The production (co-directed with jabs and blows by Rob Melrose, the Alley's artistic director, and Eileen Morris, Ensemble's artistic director) is finely crafted by Michael Locher's seedy, below-street-level rust-belt bar, Kevin Rigdon's fluorescent accents, and Erica Griese's thriftstore apt costumes. The actors are exceptional, tinging every furious outburst or failed hope with quicksilver desperation. Standout performances from Shawn Hamilton's sad debauched Brucie and Dylan Godwin's terrifyingly toxic Jason lead the way to hell on earth.

This prescient play is long, running approximately two hours and forty minutes with intermission, and is irredeemably gloomy as the initial camaraderie morphs into a stifling No Exit. This is kitchen-sink drama with a wrenching gut punch. Gritty and real, Sweat takes no prisoners. You'll never look at a maintenance man, cleaning lady, or factory drudge in quite the same way. This unflinching dissection of de-industrialized America and the human destruction that ensues is a chilling picture of what has happened. You might well tremble, Dear God, what else is on the horizon?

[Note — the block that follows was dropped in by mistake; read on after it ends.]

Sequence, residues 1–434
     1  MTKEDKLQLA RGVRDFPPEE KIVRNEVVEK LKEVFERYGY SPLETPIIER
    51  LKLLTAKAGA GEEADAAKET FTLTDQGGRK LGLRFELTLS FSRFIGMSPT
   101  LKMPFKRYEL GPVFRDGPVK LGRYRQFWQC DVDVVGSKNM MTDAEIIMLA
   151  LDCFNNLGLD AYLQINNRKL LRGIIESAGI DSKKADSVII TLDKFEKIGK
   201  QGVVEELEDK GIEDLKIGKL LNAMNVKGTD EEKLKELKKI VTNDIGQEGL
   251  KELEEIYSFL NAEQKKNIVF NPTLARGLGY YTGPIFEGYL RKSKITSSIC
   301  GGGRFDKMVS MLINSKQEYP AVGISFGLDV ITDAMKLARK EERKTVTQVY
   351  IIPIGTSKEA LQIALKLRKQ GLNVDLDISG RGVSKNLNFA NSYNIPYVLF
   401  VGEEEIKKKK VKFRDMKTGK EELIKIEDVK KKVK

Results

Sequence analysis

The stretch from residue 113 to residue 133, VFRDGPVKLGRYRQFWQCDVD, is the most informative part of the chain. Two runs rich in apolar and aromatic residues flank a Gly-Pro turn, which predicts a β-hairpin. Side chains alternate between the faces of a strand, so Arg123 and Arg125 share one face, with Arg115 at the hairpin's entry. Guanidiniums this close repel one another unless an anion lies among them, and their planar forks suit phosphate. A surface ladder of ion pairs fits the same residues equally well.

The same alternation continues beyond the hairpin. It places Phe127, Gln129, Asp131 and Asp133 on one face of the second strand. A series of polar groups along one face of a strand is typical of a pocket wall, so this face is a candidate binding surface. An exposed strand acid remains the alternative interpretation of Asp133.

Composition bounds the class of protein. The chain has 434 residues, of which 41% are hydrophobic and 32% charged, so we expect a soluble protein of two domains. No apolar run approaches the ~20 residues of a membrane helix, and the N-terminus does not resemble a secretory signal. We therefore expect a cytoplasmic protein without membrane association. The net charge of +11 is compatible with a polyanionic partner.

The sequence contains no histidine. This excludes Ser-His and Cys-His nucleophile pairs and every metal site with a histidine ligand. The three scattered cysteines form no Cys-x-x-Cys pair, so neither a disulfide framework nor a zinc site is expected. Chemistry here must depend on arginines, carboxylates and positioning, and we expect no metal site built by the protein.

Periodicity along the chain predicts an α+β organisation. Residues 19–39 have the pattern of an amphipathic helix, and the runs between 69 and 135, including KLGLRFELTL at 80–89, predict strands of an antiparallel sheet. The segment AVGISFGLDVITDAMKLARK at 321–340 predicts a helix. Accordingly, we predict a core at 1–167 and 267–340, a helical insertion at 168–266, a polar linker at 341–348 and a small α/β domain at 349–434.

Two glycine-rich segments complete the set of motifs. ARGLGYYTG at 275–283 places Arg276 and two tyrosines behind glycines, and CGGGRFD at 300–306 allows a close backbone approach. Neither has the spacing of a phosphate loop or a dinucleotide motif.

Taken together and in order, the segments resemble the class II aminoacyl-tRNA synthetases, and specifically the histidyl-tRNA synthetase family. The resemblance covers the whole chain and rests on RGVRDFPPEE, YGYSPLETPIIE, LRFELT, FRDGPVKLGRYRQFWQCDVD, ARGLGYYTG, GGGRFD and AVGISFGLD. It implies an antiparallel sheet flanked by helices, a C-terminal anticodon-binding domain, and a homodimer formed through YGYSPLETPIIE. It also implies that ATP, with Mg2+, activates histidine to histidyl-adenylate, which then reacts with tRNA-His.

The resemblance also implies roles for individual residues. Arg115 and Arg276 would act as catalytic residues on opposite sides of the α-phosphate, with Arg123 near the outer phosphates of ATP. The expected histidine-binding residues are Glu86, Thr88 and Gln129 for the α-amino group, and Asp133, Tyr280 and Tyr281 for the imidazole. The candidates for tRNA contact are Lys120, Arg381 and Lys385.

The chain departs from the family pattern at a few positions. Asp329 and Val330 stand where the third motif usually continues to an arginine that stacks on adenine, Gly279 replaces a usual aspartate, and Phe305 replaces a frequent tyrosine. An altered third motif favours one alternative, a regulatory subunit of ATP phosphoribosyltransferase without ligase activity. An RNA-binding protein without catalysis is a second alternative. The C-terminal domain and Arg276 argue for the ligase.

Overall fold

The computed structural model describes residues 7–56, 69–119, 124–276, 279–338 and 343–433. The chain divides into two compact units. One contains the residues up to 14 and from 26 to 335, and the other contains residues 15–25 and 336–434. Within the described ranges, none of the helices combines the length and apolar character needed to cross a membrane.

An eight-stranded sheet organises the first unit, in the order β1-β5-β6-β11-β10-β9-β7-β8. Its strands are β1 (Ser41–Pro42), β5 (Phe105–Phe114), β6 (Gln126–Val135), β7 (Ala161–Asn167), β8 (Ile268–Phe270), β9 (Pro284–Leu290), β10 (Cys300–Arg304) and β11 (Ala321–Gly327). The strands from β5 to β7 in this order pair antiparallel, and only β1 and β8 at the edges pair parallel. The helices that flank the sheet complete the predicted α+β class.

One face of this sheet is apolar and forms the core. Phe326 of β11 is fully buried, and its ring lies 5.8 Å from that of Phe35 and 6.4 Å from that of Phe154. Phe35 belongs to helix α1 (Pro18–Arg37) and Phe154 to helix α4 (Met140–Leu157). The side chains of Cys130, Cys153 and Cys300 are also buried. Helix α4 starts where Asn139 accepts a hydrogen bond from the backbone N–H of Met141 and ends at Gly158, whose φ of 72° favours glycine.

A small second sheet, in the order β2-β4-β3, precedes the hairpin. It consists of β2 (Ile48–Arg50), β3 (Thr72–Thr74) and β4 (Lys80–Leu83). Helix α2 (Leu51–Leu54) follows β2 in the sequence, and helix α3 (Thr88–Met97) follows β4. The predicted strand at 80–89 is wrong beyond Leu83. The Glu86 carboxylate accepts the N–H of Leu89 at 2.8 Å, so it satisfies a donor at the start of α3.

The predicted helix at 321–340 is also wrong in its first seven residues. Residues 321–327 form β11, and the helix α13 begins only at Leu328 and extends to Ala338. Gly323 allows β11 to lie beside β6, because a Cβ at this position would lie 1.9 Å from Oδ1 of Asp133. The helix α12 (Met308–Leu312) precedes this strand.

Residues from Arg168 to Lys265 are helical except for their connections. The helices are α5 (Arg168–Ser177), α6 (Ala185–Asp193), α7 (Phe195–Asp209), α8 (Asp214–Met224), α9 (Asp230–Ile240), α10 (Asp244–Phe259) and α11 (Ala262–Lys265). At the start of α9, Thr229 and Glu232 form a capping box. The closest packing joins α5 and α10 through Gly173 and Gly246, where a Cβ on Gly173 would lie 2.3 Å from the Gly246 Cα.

Sweat continues through October 24 at 7:30 p.m. Tuesdays, Wednesdays, Thursdays; 8 p.m. Fridays and Saturdays; 2:30 p.m. Saturdays and Sundays at Alley Theatre, 615 Texas. All patrons must show a negative Covid-19 test or proof of vaccination prior to entry. Masks required. For information, call 713-220-5700 or visit alleytheatre.org. $30 - $61.
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D.L. Groover has contributed to countless reputable publications including the Houston Press since 2003. His theater criticism has earned him a national award from the Association of Alternative Newsmedia (AAN) as well as three statewide Lone Star Press Awards for the same. He's co-author of the irreverent appreciation, Skeletons from the Opera Closet (St. Martin's Press), now in its fourth printing.
Contact: D. L. Groover